1. After a US election, the historically most common trend is for a rise in anticipation and also as loose monetary policy is a given prior to any election. This has tended to cause a hangover the following year.
2. The US markets have touch all time highs recently - despite not particularly stellar corporate returns or signs of massive growth potential. The Price/Earnings ratios are well above the long-run average of 12.
3. Trump, is, err, mad. Whilst some of his policies are going to be good for growth in the US, like investing in infrastructure and trading off environmental protection for economic expansion, they are also going to be implemented badly - after all, few of his advisory picks are getting put in place quickly.
4. The over-blown reaction to his immigration executive order has made some large US corporates very jumpy - confidence is a key thing in the markets and this already has taken a knock. Yes, some of them are lefty-hand wringing types, but still, they run some very important companies for the US economy. Look at Brexit, all the big companies against and the FTSE regularly takes a kicking when they come out with the woe-is-me-shtick.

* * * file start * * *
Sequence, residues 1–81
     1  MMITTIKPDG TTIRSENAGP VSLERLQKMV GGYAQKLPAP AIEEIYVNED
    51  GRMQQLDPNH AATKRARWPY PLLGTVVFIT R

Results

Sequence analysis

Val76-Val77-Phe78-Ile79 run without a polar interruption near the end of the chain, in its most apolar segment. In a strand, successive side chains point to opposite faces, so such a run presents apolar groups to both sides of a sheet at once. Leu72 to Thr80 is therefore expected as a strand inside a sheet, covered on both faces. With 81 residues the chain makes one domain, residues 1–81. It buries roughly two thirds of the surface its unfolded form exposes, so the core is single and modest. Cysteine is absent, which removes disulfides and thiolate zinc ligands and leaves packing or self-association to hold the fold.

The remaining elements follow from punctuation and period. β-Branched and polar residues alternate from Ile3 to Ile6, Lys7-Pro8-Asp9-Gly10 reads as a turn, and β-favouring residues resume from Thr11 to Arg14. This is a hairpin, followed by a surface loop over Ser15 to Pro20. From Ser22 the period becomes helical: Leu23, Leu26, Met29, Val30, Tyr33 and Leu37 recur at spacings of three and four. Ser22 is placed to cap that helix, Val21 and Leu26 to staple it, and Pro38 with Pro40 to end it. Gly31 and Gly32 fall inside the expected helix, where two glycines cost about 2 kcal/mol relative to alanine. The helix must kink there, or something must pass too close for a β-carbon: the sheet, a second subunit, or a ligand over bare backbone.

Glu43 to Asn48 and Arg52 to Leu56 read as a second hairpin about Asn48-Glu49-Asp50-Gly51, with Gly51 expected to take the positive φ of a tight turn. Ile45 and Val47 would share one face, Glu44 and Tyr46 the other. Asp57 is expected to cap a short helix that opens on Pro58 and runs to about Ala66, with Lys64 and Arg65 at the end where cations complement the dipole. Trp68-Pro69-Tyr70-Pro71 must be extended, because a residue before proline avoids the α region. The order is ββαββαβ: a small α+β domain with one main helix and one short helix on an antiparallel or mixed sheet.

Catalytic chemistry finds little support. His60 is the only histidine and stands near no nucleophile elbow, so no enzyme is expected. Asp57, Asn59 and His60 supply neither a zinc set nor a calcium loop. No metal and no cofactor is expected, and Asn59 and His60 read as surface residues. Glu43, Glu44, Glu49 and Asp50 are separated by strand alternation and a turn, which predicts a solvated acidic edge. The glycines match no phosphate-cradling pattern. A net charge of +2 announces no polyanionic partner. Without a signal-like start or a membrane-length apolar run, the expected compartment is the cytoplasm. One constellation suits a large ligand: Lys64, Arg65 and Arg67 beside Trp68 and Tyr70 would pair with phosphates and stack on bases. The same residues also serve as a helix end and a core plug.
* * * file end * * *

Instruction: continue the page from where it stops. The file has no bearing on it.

5. Protectionism - this is a two way street, good for US jobs potentially, but at the expense of international companies also probably inflation and slower GDP growth. These latter issues will be priced in before the former. Reducing trade won't be good for US markets.
All in all, the Trump bounce does not feel that sustainable in 2017, even if over 4 years things do work out for the best.
And finally, the old phrase is worth a mention., when the US sneezes the UK catches a cold...